Aesthetics or Function? What makes a good website?

Good web design should be functional

This is a conversation that I have had many times over the years, both with colleagues and customers. I've learned that there is no definitive answer because most people like a bit of both, and that each person places a different amount of importance on how their website looks, and how it works.

For me, everything I buy has to be pleasing to my eye to some degree. If something looks good then I know that it has been thought about, cared about, and that whoever produced it is in some way on the same wavelength as me. For most products or services, you don't really know how it functions until you've used it.

There's no accounting for taste

Have you ever thought to yourself - "Why would someone buy that, it's ugly!". Well, it may be ugly to you, but it looks fantastic to some people. 

Taste can be something that is peculiar to you as an individual, and it can also be dictated by other factors such as nationality, gender, age, and current trends. When it comes to viewing a website, individual taste isn't as important a factor as when you're buying a car for example, but it can still influence your experience and ultimately your buying decision.

This is where good design comes into play - thinking about your target audience and then designing your website to suit their tastes can make a huge difference when it comes to converting visitors into customers. Here are a couple of simple examples:

  • A business that sells conservatories should not be interested in what the younger generation thinks of their website, nor should they be worrying too much about foreigners. They should be thinking about those aged 40-70 who live locally. They should be appealing to both male and female visitors, as buying a conservatory is often a joint decision between husband and wife. The website should have easy access to large, detailed images because people want a good view of what they're buying. It should be modern but reliable - it should say "Relax and enjoy, we will provide quality and service".
  • A B2B website should be designed primarily for aged 20-50 decision makers. It should look professional (not too flashy), and it should say "We're here, we're current, and we aspire to do business with you". For a B2B website, the very best thing you can try to achieve from a design perspective is to offend as few people as possible. Individual tastes should be ignored in favour of a classic and corporate feel. Business buying decisions are rarely influenced by how fancy a website looks, but they are often influenced by how badly a website works.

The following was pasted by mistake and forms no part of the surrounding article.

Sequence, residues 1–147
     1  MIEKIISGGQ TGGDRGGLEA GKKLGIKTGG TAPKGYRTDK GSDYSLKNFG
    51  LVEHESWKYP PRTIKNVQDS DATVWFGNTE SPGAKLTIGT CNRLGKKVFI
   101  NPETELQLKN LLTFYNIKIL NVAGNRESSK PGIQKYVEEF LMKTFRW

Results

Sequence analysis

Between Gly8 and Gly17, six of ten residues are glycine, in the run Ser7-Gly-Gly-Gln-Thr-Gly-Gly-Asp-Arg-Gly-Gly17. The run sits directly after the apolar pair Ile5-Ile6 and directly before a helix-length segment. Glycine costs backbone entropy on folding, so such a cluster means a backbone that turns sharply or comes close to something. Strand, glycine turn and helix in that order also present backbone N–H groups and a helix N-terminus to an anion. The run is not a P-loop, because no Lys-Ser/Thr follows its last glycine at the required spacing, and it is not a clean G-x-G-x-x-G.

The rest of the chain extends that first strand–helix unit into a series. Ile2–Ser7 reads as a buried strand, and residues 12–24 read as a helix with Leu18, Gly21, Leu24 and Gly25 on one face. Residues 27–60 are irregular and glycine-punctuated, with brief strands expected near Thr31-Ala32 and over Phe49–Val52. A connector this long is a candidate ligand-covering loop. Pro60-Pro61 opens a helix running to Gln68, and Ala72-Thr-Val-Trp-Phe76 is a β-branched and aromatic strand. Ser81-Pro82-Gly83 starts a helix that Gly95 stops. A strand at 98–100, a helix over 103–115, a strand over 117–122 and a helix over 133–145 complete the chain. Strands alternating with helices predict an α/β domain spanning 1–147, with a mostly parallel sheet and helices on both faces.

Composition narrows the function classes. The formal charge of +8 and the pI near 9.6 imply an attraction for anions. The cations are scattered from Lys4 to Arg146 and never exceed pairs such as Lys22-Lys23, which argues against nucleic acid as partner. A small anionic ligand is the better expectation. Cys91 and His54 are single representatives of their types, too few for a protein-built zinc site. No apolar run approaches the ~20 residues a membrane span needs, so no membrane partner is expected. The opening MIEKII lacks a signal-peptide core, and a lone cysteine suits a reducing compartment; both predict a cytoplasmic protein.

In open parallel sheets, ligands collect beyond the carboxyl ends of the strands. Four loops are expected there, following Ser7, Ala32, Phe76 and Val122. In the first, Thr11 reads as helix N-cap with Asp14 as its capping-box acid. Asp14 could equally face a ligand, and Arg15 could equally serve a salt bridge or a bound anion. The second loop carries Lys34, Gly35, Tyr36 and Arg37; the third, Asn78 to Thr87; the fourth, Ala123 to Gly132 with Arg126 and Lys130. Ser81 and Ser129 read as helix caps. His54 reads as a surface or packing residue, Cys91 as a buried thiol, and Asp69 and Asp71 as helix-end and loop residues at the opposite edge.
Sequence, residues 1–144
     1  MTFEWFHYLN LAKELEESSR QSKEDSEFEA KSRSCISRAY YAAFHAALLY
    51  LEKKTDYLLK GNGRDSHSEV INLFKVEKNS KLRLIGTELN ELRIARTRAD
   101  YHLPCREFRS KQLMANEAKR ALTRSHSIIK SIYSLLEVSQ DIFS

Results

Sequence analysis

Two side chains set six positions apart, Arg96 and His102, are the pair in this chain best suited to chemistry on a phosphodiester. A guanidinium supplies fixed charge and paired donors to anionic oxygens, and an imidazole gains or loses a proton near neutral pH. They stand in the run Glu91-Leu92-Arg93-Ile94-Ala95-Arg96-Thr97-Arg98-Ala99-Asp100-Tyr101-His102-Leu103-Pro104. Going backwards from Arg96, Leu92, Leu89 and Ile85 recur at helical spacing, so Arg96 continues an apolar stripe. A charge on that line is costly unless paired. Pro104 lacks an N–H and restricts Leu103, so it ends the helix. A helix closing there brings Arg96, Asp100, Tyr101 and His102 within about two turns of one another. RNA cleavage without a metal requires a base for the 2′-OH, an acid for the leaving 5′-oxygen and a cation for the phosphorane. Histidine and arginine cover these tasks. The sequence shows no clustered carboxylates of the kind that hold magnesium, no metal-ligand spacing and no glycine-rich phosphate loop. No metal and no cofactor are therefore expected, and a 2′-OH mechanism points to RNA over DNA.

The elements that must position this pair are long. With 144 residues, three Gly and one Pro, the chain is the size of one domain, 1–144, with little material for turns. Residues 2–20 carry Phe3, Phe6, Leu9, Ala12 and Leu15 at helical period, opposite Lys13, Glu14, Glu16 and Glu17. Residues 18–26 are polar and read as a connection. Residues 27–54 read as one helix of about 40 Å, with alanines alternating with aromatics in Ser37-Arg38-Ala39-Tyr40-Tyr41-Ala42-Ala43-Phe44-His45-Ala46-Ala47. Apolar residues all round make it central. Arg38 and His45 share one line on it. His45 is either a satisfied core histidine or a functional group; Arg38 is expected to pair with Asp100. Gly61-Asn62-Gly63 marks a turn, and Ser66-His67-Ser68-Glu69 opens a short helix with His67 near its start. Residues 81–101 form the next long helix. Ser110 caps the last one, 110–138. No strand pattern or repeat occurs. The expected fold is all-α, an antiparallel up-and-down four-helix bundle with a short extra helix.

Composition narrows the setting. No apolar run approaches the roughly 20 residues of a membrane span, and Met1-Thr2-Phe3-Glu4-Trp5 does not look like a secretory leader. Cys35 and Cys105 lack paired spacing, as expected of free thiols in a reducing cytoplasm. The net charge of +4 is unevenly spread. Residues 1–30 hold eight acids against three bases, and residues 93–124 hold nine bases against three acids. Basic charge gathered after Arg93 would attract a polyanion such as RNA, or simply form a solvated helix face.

Some people react to good design, and some don't

"Good design is about how something works, not how it looks or feels" - Steve Jobs

...and who would argue with a man who built the world's richest company on good design. However, Apple is a great example of how you can't please all of the people all of the time, and this is where we come to the crux of our argument - Aesthetics or Function?

Apple products look great, but it's how they function that sets them apart from other products. If they didn't work as well as they do, they would never have been so successful over such a long period of time.

For your website to be successful, you also have to place the priority on function before look and feel. You have to consider your audience and then design the website functionality and messaging with them in mind. Once that has been taken care of, look and feel can be considered to some degree, but never at the expense of function.

You can spend a lot of time and money trying to get your website to suit your tastes, but never forget that your tastes aren't necessarily going to appeal to the majority of people.